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Scientists have found that our perception of time slows down noticeably when exercising, a fascinating finding that suggests we enter a perceived state of slow motion during physical exertion.

"I have long been interested in how people perceive the passing of time and whether this is impacted by particular events," Canterbury Christ Church University psychology professor Andrew Mark Edwards, author of a new study published in the journal Brain and Behavior, told PsyPost. "In the case of exercise, time seems to drag in certain circumstances and yet at others moves very fast."

"I was intrigued to examine the performance implications of this and whether this likely impacted both results and adherence," he added.

Edwards and his colleagues had 33 participants gauge how long they had spent during cycling trials.

During the trials, the participants were asked to assess their perception of time before, during, and after exercise. The trials included solo trials, ones while accompanied by a passive avatar, and ones involving active opponent avatars they were racing against.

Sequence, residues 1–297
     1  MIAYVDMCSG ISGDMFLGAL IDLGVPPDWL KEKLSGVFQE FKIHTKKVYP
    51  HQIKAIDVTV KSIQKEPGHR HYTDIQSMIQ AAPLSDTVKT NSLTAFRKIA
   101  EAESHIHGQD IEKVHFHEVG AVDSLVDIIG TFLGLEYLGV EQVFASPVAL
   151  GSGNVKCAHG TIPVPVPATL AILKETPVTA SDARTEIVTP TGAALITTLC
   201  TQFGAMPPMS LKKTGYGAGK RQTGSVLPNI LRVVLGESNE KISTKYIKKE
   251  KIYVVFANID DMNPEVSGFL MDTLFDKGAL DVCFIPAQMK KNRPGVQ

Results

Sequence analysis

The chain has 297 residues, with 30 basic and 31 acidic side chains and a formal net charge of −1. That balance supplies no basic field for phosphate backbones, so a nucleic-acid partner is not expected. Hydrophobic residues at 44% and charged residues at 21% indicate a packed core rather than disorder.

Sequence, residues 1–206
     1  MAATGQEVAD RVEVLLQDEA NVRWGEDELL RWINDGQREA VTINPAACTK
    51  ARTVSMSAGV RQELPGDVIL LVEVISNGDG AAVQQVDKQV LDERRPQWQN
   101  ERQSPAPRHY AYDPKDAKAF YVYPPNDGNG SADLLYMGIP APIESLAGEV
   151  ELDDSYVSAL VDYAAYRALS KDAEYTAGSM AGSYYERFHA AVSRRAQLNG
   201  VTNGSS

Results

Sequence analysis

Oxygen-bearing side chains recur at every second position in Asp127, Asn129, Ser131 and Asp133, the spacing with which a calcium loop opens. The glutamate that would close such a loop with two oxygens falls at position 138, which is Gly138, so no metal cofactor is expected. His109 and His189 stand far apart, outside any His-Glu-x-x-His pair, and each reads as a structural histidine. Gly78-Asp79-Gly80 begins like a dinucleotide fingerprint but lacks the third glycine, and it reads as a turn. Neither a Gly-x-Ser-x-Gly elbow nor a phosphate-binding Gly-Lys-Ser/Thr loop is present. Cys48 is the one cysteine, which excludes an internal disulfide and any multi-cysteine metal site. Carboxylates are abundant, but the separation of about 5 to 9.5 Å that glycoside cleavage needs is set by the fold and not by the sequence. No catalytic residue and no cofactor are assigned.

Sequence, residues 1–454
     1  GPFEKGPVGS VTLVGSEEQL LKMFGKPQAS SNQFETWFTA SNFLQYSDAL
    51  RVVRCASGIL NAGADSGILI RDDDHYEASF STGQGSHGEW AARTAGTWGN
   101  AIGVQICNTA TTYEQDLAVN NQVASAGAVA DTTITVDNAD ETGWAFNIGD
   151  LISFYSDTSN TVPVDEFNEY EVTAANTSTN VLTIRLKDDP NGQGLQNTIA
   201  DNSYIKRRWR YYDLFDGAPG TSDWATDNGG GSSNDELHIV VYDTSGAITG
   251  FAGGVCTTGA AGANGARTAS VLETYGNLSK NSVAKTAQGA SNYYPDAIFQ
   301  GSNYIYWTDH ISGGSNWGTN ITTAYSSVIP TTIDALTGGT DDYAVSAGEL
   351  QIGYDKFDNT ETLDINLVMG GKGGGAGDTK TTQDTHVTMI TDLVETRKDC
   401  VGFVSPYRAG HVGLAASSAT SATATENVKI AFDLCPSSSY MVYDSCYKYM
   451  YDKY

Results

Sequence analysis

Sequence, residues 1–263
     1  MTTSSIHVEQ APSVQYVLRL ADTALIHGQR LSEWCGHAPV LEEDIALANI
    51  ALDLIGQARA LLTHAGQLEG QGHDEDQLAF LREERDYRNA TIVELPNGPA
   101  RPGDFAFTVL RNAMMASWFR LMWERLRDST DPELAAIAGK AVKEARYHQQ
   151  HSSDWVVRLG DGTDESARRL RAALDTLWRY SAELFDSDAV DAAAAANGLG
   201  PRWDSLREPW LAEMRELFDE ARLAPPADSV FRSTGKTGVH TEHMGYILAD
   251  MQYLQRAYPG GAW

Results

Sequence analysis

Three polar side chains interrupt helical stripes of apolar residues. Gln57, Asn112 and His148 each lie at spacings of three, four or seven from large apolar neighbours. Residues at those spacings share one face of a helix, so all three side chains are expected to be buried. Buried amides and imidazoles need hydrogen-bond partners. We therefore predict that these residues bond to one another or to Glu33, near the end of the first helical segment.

The results showed that the participants' perception of time slowed down during physical activity, regardless of when they were asked to assess how much time had elapsed during the trials.

The researchers also found that passive or active avatars racing alongside them didn't impact their perception of time, either — it was only the exercise itself.

Interestingly, it didn't matter how hard the participants were cycling, either. The slowdown of their perception of time was consistent across different degrees of intensity.

In short, the "take home message for this study is that our perception of time is indeed impacted by exercise," as Edwards told PsyPost.

The researcher suggested the results could be used to make training regimens more engaging and effective, especially for professional athletes.

"This finding has important implications for healthy exercise choices and also for optimal performance," the paper reads.

The study, however, comes with several caveats. For one, it's still unclear whether the results are generalizable. While the participants weren't professional cyclists, they were in good physical shape, which isn't true of everybody. The sample size of just 33 participants is also quite small.

Nonetheless, it's an intriguing glimpse into how our perception of time can be warped — and perhaps a clue as to how to take things to the next level at the gym.

"The main strands of the work are to see how we can motivate people to engage with exercise and avoid/mitigate negative associations with time appearing to move slowly," Edwards told PsyPost.

More on the perception of time: Why You Perceive Time Differently in Virtual Reality

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